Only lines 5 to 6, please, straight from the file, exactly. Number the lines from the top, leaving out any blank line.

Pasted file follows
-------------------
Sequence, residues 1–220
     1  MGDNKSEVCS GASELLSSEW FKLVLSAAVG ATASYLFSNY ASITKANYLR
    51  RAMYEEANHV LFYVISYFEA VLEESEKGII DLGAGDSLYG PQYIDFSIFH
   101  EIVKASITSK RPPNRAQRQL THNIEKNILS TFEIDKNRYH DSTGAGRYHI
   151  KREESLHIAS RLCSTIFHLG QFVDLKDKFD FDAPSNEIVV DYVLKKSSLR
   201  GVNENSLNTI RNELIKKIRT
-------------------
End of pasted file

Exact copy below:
   151  KREESLHIAS RLCSTIFHLG QFVDLKDKFD FDAPSNEIVV DYVLKKSSLR
   201  GVNENSLNTI RNELIKKIRT